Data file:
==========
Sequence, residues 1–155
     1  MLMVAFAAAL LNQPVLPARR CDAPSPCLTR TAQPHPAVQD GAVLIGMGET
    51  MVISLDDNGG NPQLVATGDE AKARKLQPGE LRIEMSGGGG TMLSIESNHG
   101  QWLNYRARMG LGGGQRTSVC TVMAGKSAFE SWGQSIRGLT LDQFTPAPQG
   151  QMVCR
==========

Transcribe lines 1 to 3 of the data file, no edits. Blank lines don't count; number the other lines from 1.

Sequence, residues 1–155
     1  MLMVAFAAAL LNQPVLPARR CDAPSPCLTR TAQPHPAVQD GAVLIGMGET
    51  MVISLDDNGG NPQLVATGDE AKARKLQPGE LRIEMSGGGG TMLSIESNHG